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SWSD helps you maintain order within your organization. Tickets are opened daily and fit under one of two classifications: incidents or service requests.

  • An incident is any unexpected interference to a service, thereby disrupting the normal operations and affecting an end user’s productivity. Incidents can occur due to a number of factors, including an asset malfunction or network failure. Incident examples include issues related to printers, wifi connectivity, email service, laptop crashes, user authentication, and file sharing.

  • A service request is a request from a user for information, advice, a standard change, or access to a service. Service request examples include requests for new equipment, software installation, access to files or the network, and information such as cloud or email storage limits.

Incident lifecycle from creation to resolution or close

There are several ways to create (open) a new incident:

  • Via the user portal
  • Via email
  • Through an import from Orion
  • Direct contact with an IT professional. For example, someone from IT who stopped in the hallway and provided assistance could return to his workstation, open an Incident ticket, document the solution, and close the ticket immediately.

Through documented issues and resolutions your organization is able to maintain organized Incident management.

After an incident is created, the incident ticket goes through several states in SWSD before it is considered closed or resolved. It is important to understand the definition of each state to most effectively address the issues contained in the incidents.

State Definition
  • Agent Creation (phone call, walk-up, Skype/Zoom, or other method of contact not listed below).
    Here, your technicians create Incidents on behalf of users who called or contacted an IT professional to report an issue.
  • Email (most common form of Incident creation).
    Effective way for your end users to submit incidents. It is highly recommended you make sure your incident forms require all vital information that will allow you to begin addressing the issue at hand. This will prevent time consuming back-and-forth correspondence while you request additional data. Be sure that email settings are established.
  • Orion.
    All Incidents coming through the Orion Platform are entered as an email Incident.
  • Service Portal.
    The Service Portal enables end users to submit Incidents and Service Requests via custom service forms that collect all relevant details for quick and seamless resolution of tickets.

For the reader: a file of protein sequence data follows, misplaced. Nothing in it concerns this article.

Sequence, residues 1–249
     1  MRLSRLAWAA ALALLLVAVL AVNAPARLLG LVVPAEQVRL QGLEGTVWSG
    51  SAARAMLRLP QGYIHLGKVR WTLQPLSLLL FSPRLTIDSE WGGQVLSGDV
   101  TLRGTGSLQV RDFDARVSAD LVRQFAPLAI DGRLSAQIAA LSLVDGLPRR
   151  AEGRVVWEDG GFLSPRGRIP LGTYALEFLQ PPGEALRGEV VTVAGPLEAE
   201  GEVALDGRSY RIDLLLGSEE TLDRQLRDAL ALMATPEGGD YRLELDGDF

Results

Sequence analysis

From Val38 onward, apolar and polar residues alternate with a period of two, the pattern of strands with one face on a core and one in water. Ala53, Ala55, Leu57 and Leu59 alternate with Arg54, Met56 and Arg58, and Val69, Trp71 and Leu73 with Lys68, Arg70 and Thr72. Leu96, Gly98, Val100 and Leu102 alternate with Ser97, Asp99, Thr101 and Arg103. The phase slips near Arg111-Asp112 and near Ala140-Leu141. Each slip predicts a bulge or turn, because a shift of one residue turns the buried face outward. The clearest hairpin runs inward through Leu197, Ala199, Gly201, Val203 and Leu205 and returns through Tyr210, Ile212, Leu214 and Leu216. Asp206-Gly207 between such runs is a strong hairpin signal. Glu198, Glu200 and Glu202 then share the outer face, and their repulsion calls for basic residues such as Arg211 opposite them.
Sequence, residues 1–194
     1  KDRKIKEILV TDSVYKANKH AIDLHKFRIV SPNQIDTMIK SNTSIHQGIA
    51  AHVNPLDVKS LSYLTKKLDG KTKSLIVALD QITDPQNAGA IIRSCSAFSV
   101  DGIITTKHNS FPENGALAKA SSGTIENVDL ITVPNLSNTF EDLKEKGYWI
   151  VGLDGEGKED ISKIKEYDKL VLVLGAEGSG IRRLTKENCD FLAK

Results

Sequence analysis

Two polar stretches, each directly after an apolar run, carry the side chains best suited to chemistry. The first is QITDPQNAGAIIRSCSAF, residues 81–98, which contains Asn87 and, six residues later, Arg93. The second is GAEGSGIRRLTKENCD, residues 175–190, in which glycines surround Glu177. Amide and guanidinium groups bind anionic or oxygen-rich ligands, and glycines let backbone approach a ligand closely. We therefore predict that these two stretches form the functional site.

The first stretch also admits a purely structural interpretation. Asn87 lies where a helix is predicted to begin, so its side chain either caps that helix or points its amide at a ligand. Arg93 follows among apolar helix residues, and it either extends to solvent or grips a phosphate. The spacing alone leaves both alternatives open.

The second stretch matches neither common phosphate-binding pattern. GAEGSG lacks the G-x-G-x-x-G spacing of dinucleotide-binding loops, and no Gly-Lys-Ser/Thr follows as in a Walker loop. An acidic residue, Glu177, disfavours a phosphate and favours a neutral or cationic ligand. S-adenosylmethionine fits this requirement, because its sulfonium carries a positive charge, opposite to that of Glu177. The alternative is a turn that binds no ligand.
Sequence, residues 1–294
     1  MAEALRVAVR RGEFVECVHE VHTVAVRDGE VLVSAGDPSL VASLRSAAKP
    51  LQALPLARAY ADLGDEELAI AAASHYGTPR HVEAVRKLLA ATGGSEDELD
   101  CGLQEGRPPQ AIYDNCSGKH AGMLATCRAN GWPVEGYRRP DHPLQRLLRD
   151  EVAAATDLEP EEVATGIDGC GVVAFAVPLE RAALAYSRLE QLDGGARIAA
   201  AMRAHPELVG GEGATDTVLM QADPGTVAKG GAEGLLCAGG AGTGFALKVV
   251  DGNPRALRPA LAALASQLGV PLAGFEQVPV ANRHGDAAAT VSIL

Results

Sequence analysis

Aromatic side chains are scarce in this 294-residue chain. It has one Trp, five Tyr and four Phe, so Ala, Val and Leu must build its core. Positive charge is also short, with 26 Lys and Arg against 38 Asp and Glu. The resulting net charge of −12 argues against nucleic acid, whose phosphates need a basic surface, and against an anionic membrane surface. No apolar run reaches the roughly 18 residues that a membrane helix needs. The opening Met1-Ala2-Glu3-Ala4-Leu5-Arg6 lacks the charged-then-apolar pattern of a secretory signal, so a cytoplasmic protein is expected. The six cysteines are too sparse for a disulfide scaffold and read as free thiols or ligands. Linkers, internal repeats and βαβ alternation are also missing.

• Groups.
    A collection of users from the same functional team (for example, IT, Finance, or HR). When an Incident is assigned to a group, you ensure that no ticket goes unnoticed or is delayed if an agent is on vacation or working on other matters. After a ticket is assigned to a group, it can be reassigned as needed.
  • Incident Routing.
    Automatic assignment of Incidents saves time by ensuring all Incidents are visible to the most appropriate team/service agent as quickly as possible. Additional information is available in Understand incident routing in SWSD.
  • Filtering.
    After Incidents appear on the Incidents Index page, you can filter incidents to view information relevant to your needs. Filtering options include Category, Assignee, and State.
In Progress

The In Progress state is relevant only after the Incident has been assigned and an agent is actively working to resolve the issue at hand. Information relevant to the In Progress state includes:

  • Comments. Comments can be public (including your end users) or private (only internal team members will have access to private comments). See Notifications for more information on who is notified when a comment is added.
  • Relationships. Creating relationships allows you to attach relevant assets, problems, solutions, or other information to the current Incident.
  • States. Ticket States include Escalated to Vendor, Awaiting Input, and more.
Awaiting User

After someone has reached out to the user via the Incident, the Awaiting User state can be used to reflect that you are awaiting a response from the requestor before you can proceed with the Incident.